Conversations overheard at the bakery:
Him: We should probably get something for them.
Her: Honey, they don’t eat like us, not remotely anything like what we eat.
Him: You’re right, something with lots of seeds, then…
Also overheard at the bakery:
Him: I think we should get one of everything.
Her: We were sent here for breakfast burritos. Focus on the mission.
Him: That chocolate éclair looks like a burrito.
In other news, Washington state has a state flower, a state tree, and a state monster. On Aug. 26, 1970, Gov. Dan Evans issued this proclamation:
“Whereas, recent developments have shown that Washington State has only one true mysterious monster, the Great Sasquatch, and it is endangered of imminent extinction, and
“Whereas, we are the only state which is able to claim the Sasquatch as our own, Now, therefore, I Daniel J. Evans, by virtue and authority vested in me by RCW 00.00.000 do proclaim all Sasquachii within the border of our great state (and anywhere else) protected as a Washington State resource and be hereafter, the Official State Monster.”
For the trivia win: Bigfoot is the only state monster to ever have his very own syndicated TV show.
At my other job with the Bear Fight Institute, I open the mail. I do other highfalutin things, but the singular task of opening mail is germane to this story. (Side note: the Bear Fight Institute does not deal with the sparrings of ursae. The institute is a collaboration of scientists conducting planetary research.) An airmail letter from Britain contained a handwritten note requesting a professional opinion on the existence of the Loch Ness monster. I regret that I did not reply, “Dear Sir, as a research institute located in the Pacific Northwest, we can only speak on issues relating to Bigfoot.” That would have been a hairy tall tale, as the scientists at the Bear Fight Institute study geographic features, not mythical monsters.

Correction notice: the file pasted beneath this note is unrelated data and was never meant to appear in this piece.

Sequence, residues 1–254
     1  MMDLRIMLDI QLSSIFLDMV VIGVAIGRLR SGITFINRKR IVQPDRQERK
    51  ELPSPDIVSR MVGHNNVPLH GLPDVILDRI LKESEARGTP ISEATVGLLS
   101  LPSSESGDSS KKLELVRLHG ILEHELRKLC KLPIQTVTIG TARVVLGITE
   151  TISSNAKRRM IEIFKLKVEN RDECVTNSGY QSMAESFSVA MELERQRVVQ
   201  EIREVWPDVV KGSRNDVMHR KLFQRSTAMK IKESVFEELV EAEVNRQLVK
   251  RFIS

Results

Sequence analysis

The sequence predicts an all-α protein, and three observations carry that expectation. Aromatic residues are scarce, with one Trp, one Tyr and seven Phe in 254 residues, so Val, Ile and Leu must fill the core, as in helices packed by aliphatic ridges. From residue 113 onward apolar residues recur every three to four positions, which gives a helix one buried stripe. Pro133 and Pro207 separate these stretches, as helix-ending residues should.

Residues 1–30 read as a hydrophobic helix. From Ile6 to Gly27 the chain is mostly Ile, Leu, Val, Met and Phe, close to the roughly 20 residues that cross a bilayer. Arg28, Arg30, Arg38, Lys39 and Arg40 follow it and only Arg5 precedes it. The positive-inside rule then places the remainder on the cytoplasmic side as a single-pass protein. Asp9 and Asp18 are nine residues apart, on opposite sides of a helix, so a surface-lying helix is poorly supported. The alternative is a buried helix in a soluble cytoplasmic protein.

In Barbara Davidson’s “The American Bestiary: The Most Famous Mythical Creature of Every U.S. State, Illustrated,” every state monster receives an illustrated caricature with a short biographical origin story. Included in “The American Bestiary” is a well-known monster from my childhood summer camp: Sharlie, a dinosaur-like creature dwelling beneath the waters of Payette Lake. Camp counselors would tell hushed and urgent tales of Sharlie, and why campers should never go swimming alone. Tell a kid not to go swimming alone because it’s “not safe” and they will ignore the boring adult instruction. Tell campers a mythical dragon snatches children down to a dark watery cave, and kids will religiously use the buddy system when swimming — not for safety, but to torture each other by screaming, “something just touched my leg!”
In winter, the McCall Ice Carnival always has a Sharlie carved in ice — a friendly-looking dragon, the length of frozen scales and claws looping the length of a city block, glistening in the winter sun.
Wyoming’s mythical creature is the jackalope. As the origin story goes, some guy (it’s always “some guy”) mounted antelope antlers atop a stuffed bunny and the bar décor became trendy. The viral myth has roots in a virus. Rabbits are susceptible to the Shope papillomavirus that causes carcinomas on the head and face. Carl Zimmer documents the virus in “A Planet of Viruses” — light reading about real monsters that will kill you. Fun trivia fact: There are more viruses than stars in the universe. I am never leaving the house… unless lured by a chocolate éclair from Cinnamon Twisp Bakery.
Sue Misao took another walkabout, gifting the world with this informative gem: https://www.heraldnet.com/news/not-all-who-wander-are-lost-but-we-definitely-were-and-are.